by the passing foil of the water, the thrush,
puffing out its spotted breast, will sing
of the perfect, stone-hard beauty of everything.


- Mary Oliver



Ten times a day something happens to me like this -
some strengthening throb of amazement -
some good sweet empathic ping and swell.
This is the first, the wildest and the wisest thing I know:
that the soul exists and is built entirely out of attentiveness.


- Mary Oliver



Ordinarily, I go to the woods alone, with not a single
friend, for they are all smilers and talkers and therefore
unsuitable.

I don’t really want to be witnessed talking to the catbirds
or hugging the old black oak tree. I have my way of
praying, as you no doubt have yours.

Besides, when I am alone I can become invisible. I can sit
on the top of a dune as motionless as an uprise of weeds,
until the foxes run by unconcerned. I can hear the almost
unhearable sound of the roses singing.

If you have ever gone to the woods with me, I must love
you very much.


- Mary Oliver



I go down to the shore in the morning
and depending on the hour the waves
are rolling in or moving out,
and I say, oh, I am miserable,
what shall—
what should I do? And the sea says
in its lovely voice:
Excuse me, I have work to do.


- Mary Oliver



Last night
the rain
spoke to me
slowly, saying,
what joy
to come falling
out of the brisk cloud,
to be happy again
in a new way
on the earth!
That’s what it said
as it dropped,
smelling of iron,
and vanished
like a dream of the ocean
into the branches
and the grass below.
Then it was over.
The sky cleared.
I was standing
under a tree.
The tree was a tree
with happy leaves,
and I was myself,
and there were stars in the sky
that were also themselves
at the moment
at which moment
my right hand
was holding my left hand
which was holding the tree
which was filled with stars
and the soft rain –
imagine! imagine!
the long and wondrous journeys
still to be ours.


- Mary Oliver



I thought the earth remembered me,
she took me back so tenderly,
arranging her dark skirts, her pockets
full of lichens and seeds.
I slept as never before, a stone on the river bed,
nothing between me and the white fire of the stars
but my thoughts, and they floated light as moths
among the branches of the perfect trees.
All night I heard the small kingdoms
breathing around me, the insects,
and the birds who do their work in the darkness.
All night I rose and fell, as if in water,
grappling with a luminous doom. By morning
I had vanished at least a dozen times
into something better.


- Mary Oliver



Sometimes I grow weary of the days, with all their fits and starts.
I want to climb some old gray mountains, slowly, taking
The rest of my lifetime to do it, resting often, sleeping
Under the pines or, above them, on the unclothed rocks.
I want to see how many stars are still in the sky
That we have smothered for years now, a century at least.
I want to look back at everything, forgiving it all,
And peaceful, knowing the last thing there is to know.
All that urgency! Not what the earth is about!
How silent the trees, their poetry being of themselves only.
I want to take slow steps, and think appropriate thoughts.
In ten thousand years, maybe, a piece of the mountain will fall.


- Mary Oliver



It is possible, I suppose that sometime
we will learn everything
there is to learn: what the world is, for example,
and what it means. I think this as I am crossing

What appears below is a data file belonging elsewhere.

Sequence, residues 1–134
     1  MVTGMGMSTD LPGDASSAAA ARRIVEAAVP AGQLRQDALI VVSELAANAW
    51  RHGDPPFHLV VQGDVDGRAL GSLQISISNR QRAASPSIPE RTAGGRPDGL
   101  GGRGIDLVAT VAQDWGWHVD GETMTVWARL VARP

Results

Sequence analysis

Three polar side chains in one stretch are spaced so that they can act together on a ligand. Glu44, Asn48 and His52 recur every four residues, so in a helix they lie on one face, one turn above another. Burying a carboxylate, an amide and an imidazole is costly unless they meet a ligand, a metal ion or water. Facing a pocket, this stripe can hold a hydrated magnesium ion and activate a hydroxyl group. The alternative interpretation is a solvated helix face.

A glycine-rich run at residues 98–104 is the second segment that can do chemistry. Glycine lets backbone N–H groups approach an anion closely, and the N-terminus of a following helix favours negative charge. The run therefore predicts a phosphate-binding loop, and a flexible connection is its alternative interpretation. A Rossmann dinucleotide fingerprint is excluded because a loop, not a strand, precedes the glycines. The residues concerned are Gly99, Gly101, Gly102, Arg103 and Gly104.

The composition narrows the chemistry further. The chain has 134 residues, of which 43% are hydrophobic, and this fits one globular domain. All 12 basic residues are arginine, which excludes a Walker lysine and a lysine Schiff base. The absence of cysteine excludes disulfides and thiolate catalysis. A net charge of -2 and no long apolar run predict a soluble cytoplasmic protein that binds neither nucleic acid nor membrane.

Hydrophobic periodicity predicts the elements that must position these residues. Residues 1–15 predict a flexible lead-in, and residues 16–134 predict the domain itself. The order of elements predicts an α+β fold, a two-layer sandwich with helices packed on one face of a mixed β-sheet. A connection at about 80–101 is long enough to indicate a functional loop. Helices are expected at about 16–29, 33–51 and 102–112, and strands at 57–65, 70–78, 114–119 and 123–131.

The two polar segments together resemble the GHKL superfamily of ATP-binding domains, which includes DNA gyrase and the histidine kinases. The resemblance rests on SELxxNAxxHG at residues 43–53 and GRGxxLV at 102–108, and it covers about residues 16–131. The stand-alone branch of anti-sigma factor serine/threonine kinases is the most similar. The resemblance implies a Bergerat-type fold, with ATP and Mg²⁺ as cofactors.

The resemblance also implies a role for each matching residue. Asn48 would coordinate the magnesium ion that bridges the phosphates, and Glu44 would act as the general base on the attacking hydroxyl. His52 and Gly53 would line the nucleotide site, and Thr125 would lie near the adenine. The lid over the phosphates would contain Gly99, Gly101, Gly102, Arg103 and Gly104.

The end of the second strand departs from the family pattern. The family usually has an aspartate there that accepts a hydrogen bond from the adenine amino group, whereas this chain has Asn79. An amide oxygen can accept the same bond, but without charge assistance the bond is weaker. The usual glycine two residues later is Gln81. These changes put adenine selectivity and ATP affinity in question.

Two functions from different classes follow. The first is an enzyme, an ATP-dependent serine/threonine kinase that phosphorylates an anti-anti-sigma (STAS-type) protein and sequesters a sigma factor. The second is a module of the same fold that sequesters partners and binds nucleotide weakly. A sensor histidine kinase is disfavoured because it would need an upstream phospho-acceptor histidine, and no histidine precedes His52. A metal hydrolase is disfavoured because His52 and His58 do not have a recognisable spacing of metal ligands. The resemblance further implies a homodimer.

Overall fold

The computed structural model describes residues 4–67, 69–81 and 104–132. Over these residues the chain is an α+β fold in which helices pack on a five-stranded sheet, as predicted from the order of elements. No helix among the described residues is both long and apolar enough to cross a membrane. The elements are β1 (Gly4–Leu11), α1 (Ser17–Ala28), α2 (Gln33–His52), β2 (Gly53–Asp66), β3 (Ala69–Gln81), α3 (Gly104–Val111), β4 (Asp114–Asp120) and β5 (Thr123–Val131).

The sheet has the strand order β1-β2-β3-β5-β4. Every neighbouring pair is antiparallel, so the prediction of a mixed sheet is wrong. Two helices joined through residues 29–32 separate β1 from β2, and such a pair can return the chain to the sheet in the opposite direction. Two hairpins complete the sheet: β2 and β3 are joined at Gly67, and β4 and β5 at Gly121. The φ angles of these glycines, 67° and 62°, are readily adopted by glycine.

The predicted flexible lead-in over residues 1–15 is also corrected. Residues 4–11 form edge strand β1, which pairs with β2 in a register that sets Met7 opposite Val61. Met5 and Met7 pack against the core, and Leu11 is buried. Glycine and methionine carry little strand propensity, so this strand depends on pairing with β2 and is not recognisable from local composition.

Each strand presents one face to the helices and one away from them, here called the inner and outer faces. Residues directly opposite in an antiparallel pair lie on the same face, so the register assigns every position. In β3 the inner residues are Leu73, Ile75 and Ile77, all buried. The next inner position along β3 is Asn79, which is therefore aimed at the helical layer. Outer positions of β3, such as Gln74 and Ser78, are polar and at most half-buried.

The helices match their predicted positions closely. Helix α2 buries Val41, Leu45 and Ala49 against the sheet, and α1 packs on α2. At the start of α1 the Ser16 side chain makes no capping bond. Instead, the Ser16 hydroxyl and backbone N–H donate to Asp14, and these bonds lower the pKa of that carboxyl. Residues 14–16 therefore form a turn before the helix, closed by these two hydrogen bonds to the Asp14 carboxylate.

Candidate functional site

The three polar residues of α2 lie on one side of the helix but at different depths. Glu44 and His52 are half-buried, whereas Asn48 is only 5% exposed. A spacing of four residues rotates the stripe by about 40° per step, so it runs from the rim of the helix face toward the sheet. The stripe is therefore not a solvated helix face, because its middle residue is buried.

from one field to another, in summer, and the
mockingbird is mocking me, as one who either
knows enough already or knows enough to be
perfectly content not knowing. Song being born
of quest he knows this: he must turn silent
were he suddenly assaulted with answers. Instead

oh hear his wild, caustic, tender warbling ceaselessly
unanswered. At my feet the white-petalled daisies display
the small suns of their center piece, their -- if you don't
mind my saying so -- their hearts. Of course
I could be wrong, perhaps their hearts are pale and
narrow and hidden in the roots. What do I know?
But this: it is heaven itself to take what is given,
to see what is plain; what the sun lights up willingly;
for example -- I think this
as I reach down, not to pick but merely to touch -
the suitability of the field for the daisies, and the
daisies for the field.


- Mary Oliver



Still, what I want in my life
is to be willing
to be dazzled—
to cast aside the weight of facts

and maybe even
to float a little
above this difficult world.
I want to believe I am looking

into the white fire of a great mystery.
I want to believe that the imperfections are nothing—
that the light is everything—that it is more than the sum
of each flawed blossom rising and falling. And I do.


- Mary Oliver



You are young. So you know everything. You leap
into the boat and begin rowing. But listen to me.
Without fanfare, without embarrassment, without
any doubt, I talk directly to your soul. Listen to me.
Lift the oars from the water, let your arms rest, and
your heart, and heart’s little intelligence, and listen to
me. There is life without love. It is not worth a bent
penny, or a scuffed shoe. It is not worth the body of a
dead dog nine days unburied. When you hear, a mile
away and still out of sight, the churn of the water
as it begins to swirl and roil, fretting around the
sharp rocks – when you hear that unmistakable
pounding – when you feel the mist on your mouth
and sense ahead the embattlement, the long falls
plunging and steaming – then row, row for your life
toward it.


- Mary Olive



Though I play at the edges of knowing,
truly I know
our part is not knowing,
but looking, and touching, and loving


- Mary Oliver



It must be a great disappointment to God if we are not
dazzled at least ten times a day.


- Mary Oliver

Last edited by Mr. Charlie; 08-30-2015 at 01:43 PM.